Best Way to Resign
First, make sure you have considered all your options:
- Do you really want to quit? Make a list of all the reasons why you want to resign.
- Have you pursued all possible avenues for advancement within your current firm?
- Would you still resign if you were offered more money or a promotion?
- Have you stopped to assess how your career is developing? Talk to your boss and ask how they think you are doing.
- Consider whether you will be better off in your new job. Consider money, location, career and personal development as the main factors.
- What does your heart say? What does your head say?
The resignation meeting
- Always resign in person!
- Work out what you are going to say and then stick to it. Your boss will likely try to press you for more information. There may be details that you don't want to share at this stage. Don't be obstructive, but simply make it clear that you are submitting an oral resignation.
- Emphasise the positives: you never know when your career will mean that you cross paths with your former employer, so don't dwell on the negative aspects of your time at the firm.
- Expect a reaction: unless your boss is expecting you to quit, your decision may come as a surprise. The boss may get emotional or even confrontational, in which case, stick to your prepared comments.
- Retain your composure. Your boss may now no longer see you as a team player and may even feel betrayed. Once again, stick to your pre-prepared comments and try not to rise to the challenge. Speak in measured tones and regulate your breathing.
- Always leave the meeting on a good note and be as friendly as possible. Stress that you will undertake the handover of any uncompleted work to the best of your ability. People remember both the first and last impression you make on them.
The written resignation
- A written letter of resignation gives you more time to prepare what you want to say and gives you greater control over your delivery. Use this opportunity constructively.
- In its simplest form, a resignation letter should only include the following information: name, date, the person it is addressed to, notice of termination of employment, when this is effective from and finally, your signature. If you are leaving in good circumstances and feel that you want to say a little bit more, again, emphasise the positives – perhaps thank your former boss for the opportunities he / she gave you – you never know when you may need your ex-employer to vouch for you or to give you a reference.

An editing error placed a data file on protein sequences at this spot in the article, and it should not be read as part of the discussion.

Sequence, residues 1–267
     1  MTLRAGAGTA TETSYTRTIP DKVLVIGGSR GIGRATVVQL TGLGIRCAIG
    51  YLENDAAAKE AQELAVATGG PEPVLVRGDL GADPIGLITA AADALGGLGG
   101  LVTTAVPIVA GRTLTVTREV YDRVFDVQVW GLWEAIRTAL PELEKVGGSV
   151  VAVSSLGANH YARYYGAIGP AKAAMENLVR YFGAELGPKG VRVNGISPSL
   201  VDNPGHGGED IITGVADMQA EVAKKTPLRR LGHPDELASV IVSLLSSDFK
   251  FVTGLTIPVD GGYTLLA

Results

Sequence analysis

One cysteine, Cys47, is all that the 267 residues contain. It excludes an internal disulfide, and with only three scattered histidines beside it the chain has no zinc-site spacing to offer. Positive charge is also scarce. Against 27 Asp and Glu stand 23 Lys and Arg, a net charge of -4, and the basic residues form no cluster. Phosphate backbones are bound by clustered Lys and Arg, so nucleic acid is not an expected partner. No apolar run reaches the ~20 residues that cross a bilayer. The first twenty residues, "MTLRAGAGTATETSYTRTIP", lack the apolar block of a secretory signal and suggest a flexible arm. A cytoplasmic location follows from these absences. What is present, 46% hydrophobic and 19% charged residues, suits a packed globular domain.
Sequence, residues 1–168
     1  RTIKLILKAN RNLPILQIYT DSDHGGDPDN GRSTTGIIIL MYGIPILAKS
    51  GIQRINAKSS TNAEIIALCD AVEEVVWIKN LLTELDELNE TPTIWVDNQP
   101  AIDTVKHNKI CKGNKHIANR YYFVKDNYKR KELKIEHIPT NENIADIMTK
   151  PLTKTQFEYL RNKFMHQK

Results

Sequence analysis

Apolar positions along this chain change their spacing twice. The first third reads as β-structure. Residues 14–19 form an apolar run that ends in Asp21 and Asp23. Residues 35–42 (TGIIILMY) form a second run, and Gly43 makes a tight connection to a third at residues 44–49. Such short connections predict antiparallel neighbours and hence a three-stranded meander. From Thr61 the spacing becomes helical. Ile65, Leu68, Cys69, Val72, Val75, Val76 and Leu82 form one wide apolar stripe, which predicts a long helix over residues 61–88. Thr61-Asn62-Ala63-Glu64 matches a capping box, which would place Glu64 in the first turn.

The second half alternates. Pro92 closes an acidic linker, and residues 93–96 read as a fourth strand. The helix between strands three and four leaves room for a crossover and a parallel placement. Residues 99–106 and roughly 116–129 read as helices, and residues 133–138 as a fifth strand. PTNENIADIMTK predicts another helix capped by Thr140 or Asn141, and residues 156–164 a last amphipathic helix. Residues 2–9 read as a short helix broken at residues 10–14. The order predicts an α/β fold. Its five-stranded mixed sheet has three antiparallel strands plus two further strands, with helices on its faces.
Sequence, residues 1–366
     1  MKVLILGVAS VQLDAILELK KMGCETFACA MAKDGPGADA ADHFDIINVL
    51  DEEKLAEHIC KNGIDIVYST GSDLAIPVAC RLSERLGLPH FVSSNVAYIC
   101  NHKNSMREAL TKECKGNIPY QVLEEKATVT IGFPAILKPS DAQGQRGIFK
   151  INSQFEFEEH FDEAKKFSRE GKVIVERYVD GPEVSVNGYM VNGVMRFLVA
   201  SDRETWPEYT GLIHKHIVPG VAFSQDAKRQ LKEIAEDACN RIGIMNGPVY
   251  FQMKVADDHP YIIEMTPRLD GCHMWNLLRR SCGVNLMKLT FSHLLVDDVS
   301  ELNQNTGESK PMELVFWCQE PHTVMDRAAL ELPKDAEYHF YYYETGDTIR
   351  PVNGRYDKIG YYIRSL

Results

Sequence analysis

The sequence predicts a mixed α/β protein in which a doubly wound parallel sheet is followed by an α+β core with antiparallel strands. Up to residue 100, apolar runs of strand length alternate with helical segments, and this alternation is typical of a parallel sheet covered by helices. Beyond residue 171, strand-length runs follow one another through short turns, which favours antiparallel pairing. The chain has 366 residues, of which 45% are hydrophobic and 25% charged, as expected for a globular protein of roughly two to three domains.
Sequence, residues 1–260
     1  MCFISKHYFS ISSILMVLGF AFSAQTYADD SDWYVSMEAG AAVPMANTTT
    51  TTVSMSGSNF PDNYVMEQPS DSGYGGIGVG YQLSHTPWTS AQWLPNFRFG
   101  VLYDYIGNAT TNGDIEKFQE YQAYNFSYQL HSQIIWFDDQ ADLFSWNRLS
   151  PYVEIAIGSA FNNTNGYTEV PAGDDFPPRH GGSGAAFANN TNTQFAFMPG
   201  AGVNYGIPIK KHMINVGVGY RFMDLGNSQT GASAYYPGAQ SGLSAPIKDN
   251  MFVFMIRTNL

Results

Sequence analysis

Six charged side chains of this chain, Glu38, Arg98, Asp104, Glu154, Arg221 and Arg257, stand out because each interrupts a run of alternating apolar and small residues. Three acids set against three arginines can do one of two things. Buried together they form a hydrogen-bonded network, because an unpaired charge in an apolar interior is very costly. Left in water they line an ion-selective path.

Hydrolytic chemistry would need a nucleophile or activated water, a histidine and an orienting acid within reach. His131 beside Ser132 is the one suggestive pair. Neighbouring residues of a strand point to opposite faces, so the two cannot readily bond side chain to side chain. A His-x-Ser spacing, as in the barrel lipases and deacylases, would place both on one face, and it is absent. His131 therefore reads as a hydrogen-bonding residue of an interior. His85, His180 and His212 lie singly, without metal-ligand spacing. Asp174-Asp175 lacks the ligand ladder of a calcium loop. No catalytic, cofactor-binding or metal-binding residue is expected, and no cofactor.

- If however, you're leaving in strained or bad circumstances, resist the temptation to badmouth and let off steam. Remember, your letter of resignation may be used as a stick with which to hit you later on.
- Don't get personal. Just because you are leaving, a written letter of resignation is not a vehicle to tell your former boss what you really thought of them. It is never polite to include personal remarks in a resignation letter. If you genuinely have differences of opinion with your boss, save the communication of them for another time and place. Never commit these thoughts to paper – your comments will remain in your personnel file and may come back to haunt you.
- Consider any counter-offers seriously. Are you being offered a higher salary, a move to another location, a step up the career ladder?
- Is this what you really want? Has anything changed? Why did you take the decision to resign in the first place and have these factors been effectively addressed?
- Will you have the same standing within the company? The boss may now be doubtful of your 100% commitment to the firm – in which case it may be better to move on.
- Having resigned once, will you be liable to seek alternative employment more easily next time?
- How does the acceptance of a counter-offer affect your integrity with your would-be-employers? You never know when you may cross paths with them again.
Leave on the right note
- Make sure that you have given ample notice to the company of your intention to leave. Your notice period is usually stated in your contract.
- Make sure that you have completed any outstanding tasks and participated in the smooth handover of any unfinished work.
- Ensure your boss knows that you have actively participated in this process and that you have been as cooperative as possible.
- Take time out to speak to all of your colleagues and associates. Give them support and make positive comments about their contribution to your time at the firm. Try to remain in touch because, again, you never know when they'll be useful to your personal and career development in the future.
- Negotiate a fair settlement for any outstanding salary, holiday pay and commissions that are due to you.